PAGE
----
BAGSHOT, England (Reuters) - England coach Eddie Jones insists it is only the media that sustains the idea that starting a match is more significant than finishing it but world-record setting sub Jamie George is still delighted to have finally got his hands on the number two shirt when it really matters.
George will start as hooker against Australia on Saturday with the man he has sat behind for the best part of three years – co-captain Dylan Hartley – wearing the 16 that George has modelled with such aplomb.
It is not the first time it has happened – or even the first time this month – but it is the first time against a Tier One nation when Hartley has been available.
George has 31 England caps but only six as a starter – all coming when Hartley was either unavailable or rested, including last week’s against Japan.
He began his England career with a world record 17 straight replacement appearances but, though second-best in England, he was rated the best in Britain and Ireland by Lions coach Warren Gatland, who started him in all three tests in New Zealand last year.
Returning to England he was relegated back to the bench, getting his first start on his 20th appearance, but Saturday’s call up is different.
“I thought this one might come up,” George laughed when asked about his promotion and the whole starter/finisher debate on Thursday. “I was buzzing when I heard, really happy.
“As a competitive player, you want to be starting, but at the same time, I think Dylan’s been doing a fantastic job and I’ve got a huge amount of respect for him.
“At Saracens I had Schalk Brits and John Smit in front of me for a long time. I’ve been through it before, come out of the other side of it and now I’m doing pretty well for Sarries, so hopefully it’s the same thing here.”
Jones said on Thursday that he thought the faster, more open start he expected against Australia would suit George and that an “arm-wrestle” finish would be ideal for Hartley.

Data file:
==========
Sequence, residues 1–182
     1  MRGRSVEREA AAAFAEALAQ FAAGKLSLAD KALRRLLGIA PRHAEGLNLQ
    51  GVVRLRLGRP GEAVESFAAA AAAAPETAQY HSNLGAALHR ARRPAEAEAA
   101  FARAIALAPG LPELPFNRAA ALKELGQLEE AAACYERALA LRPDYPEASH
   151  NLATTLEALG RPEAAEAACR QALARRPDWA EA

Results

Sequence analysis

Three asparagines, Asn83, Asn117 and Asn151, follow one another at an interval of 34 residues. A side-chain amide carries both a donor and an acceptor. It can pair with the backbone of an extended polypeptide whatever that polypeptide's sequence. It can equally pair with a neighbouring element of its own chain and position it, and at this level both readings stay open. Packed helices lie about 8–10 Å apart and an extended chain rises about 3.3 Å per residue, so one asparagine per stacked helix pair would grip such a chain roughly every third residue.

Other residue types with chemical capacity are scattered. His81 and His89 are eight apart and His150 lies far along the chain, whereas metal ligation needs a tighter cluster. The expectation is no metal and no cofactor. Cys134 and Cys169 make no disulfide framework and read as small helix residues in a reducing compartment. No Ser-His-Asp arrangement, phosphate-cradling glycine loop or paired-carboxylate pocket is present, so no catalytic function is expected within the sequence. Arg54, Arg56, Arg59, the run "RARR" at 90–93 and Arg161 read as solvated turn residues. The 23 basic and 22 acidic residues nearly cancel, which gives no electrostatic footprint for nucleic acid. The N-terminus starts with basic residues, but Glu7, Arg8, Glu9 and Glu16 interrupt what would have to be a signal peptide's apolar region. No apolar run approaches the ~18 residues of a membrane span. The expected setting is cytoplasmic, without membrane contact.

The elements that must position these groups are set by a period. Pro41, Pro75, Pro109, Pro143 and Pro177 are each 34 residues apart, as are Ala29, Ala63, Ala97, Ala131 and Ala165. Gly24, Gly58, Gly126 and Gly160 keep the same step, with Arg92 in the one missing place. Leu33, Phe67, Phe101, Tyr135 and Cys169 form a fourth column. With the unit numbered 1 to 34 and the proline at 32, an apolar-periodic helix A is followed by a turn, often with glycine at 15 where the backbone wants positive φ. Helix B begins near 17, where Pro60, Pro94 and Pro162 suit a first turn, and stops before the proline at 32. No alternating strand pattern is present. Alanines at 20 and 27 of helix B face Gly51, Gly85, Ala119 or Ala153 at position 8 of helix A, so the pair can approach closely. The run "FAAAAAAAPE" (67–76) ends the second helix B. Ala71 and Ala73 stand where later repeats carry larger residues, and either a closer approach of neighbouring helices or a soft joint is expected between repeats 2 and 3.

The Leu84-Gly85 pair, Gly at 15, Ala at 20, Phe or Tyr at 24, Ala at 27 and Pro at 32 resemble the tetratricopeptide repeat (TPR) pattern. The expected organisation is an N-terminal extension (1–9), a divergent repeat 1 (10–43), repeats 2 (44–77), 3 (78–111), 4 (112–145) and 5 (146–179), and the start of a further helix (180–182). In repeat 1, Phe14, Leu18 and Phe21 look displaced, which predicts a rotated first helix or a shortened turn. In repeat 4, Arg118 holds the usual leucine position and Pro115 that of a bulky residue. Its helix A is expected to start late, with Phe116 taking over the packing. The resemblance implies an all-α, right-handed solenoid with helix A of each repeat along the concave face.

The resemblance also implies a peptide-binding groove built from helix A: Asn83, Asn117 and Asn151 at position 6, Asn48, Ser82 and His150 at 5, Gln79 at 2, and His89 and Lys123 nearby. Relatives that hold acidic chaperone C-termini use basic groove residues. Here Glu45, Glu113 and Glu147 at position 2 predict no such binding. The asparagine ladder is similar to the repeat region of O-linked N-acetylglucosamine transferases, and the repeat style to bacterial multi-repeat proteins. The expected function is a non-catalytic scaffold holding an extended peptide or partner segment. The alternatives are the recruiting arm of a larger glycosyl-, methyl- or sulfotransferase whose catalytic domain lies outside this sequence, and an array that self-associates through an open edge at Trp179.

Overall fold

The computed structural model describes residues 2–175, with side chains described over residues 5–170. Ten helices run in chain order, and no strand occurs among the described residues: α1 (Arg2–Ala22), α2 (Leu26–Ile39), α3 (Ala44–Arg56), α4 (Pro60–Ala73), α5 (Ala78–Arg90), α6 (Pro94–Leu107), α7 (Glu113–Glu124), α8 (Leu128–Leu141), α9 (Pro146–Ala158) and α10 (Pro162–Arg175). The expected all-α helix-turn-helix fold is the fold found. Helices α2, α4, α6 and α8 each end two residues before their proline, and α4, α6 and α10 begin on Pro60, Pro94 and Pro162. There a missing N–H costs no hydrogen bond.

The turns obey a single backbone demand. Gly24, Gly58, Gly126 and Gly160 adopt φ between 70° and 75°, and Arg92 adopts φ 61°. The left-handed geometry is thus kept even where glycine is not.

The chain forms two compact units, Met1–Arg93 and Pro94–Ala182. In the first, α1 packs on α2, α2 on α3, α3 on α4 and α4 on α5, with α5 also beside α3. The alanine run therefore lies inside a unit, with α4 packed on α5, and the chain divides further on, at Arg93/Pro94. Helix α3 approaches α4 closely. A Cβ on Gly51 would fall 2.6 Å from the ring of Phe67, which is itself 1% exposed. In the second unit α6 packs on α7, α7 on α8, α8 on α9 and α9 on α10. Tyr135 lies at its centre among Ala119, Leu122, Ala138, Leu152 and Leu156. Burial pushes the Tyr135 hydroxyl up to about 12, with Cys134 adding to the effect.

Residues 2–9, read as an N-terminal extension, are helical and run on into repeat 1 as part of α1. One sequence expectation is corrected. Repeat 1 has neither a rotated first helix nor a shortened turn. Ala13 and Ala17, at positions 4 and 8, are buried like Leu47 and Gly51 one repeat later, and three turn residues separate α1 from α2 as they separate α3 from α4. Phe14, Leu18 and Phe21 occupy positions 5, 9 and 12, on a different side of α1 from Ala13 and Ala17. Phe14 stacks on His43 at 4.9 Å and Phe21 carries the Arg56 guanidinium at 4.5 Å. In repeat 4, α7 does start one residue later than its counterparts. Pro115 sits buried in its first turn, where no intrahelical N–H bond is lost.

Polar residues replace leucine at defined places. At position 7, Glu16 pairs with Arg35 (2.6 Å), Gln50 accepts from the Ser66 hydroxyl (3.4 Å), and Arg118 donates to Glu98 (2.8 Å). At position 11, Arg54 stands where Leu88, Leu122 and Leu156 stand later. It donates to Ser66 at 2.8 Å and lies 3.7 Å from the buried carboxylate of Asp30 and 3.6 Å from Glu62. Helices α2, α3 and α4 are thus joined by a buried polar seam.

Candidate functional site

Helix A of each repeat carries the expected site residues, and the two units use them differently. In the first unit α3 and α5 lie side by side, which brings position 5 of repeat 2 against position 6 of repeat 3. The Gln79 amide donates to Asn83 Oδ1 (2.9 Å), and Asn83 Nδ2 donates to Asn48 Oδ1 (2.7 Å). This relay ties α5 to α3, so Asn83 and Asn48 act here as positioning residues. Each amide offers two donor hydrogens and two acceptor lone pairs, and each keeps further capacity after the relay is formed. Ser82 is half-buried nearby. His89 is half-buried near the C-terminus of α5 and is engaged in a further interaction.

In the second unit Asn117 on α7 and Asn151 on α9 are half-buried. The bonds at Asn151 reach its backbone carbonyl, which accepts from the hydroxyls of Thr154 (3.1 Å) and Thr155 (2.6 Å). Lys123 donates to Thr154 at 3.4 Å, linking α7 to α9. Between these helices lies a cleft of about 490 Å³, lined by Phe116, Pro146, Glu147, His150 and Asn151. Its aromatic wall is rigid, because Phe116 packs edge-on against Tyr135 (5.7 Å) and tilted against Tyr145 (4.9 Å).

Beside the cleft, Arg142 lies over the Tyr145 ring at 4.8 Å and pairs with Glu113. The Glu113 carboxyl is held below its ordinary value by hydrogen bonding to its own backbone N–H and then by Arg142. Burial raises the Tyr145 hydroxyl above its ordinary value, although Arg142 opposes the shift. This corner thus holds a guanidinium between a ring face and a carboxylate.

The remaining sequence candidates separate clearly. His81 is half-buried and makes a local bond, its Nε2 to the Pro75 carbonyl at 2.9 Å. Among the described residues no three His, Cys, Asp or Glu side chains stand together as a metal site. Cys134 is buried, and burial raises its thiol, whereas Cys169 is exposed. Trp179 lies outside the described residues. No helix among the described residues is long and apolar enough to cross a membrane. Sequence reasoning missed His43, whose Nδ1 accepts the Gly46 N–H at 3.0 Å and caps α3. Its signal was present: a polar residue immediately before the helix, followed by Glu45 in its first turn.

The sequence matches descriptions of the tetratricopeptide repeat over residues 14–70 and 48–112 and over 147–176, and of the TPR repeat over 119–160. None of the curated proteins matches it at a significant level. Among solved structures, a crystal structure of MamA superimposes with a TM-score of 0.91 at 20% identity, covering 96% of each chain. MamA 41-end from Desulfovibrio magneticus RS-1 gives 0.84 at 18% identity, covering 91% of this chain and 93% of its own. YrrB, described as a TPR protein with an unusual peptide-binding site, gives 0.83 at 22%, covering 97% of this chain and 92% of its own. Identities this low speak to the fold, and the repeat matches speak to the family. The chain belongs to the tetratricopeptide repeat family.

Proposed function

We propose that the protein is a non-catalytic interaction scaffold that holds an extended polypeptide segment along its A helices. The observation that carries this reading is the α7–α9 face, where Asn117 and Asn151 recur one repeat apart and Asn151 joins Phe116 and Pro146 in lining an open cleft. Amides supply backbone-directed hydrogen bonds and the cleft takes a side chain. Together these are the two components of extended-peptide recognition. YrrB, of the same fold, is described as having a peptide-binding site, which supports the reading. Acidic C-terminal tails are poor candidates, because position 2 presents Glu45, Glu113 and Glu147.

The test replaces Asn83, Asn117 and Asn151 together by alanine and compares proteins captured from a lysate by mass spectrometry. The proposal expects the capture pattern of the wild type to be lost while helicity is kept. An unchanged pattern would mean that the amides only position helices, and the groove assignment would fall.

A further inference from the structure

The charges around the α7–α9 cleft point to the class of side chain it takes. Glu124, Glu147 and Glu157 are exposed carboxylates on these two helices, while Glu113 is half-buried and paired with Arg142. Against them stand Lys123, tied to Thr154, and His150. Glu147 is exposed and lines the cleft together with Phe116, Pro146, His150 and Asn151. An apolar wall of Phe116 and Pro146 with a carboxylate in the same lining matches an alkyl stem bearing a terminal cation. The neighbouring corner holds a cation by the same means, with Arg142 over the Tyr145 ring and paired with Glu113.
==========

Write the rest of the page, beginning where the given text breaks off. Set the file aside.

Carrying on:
George too accepted that Jones had done a good job in changing perceptions. “The thing that’s brilliant here, and Eddie does it fantastically, is he gives us a role and we’re finishers,” he said.
“He’s like ‘you’re going to come on, I need you to look at the scrum’ so at halftime I’m talking with (scrum coach) Neal Hatley about how I feel the scrum is going. So I’m constantly engaged in the game and I feel a part of it.
“One to 23 you feel part of something special. Yes you want to start but the fact that you’re given this responsibility... I do my job for the team.”
Jones, hooker in his playing days, said he attached no blame to George for England’s lineout failings during the second half of the defeat by New Zealand two weeks ago and instead opted for the collective responsibility line and a lack of cohesion.
“It’s always the hooker’s fault,” George said with a smile when told of the comment. “It was difficult. New Zealand had four good jumpers so there were obviously a few things we could have done better.
“But I’m very confident as a lineout thrower. If you look at the statistics that’s one of the best parts of my game so I can take confidence from that. One bad performance doesn’t make you a bad thrower.”
Having won domestic and European honours with Saracens and helped the Lions share the 2017 series in New Zealand, George, now 28, said that, for all the media interest in Saturday’s switch, he was not about to start quaking in his boots at the prospect of running out on to the Twickenham turf for kickoff.
“Look, I’ve started a lot of games of rugby in my career, it’s not a brand new thing for me,” he said. “And I’ve started some pretty big games as well.”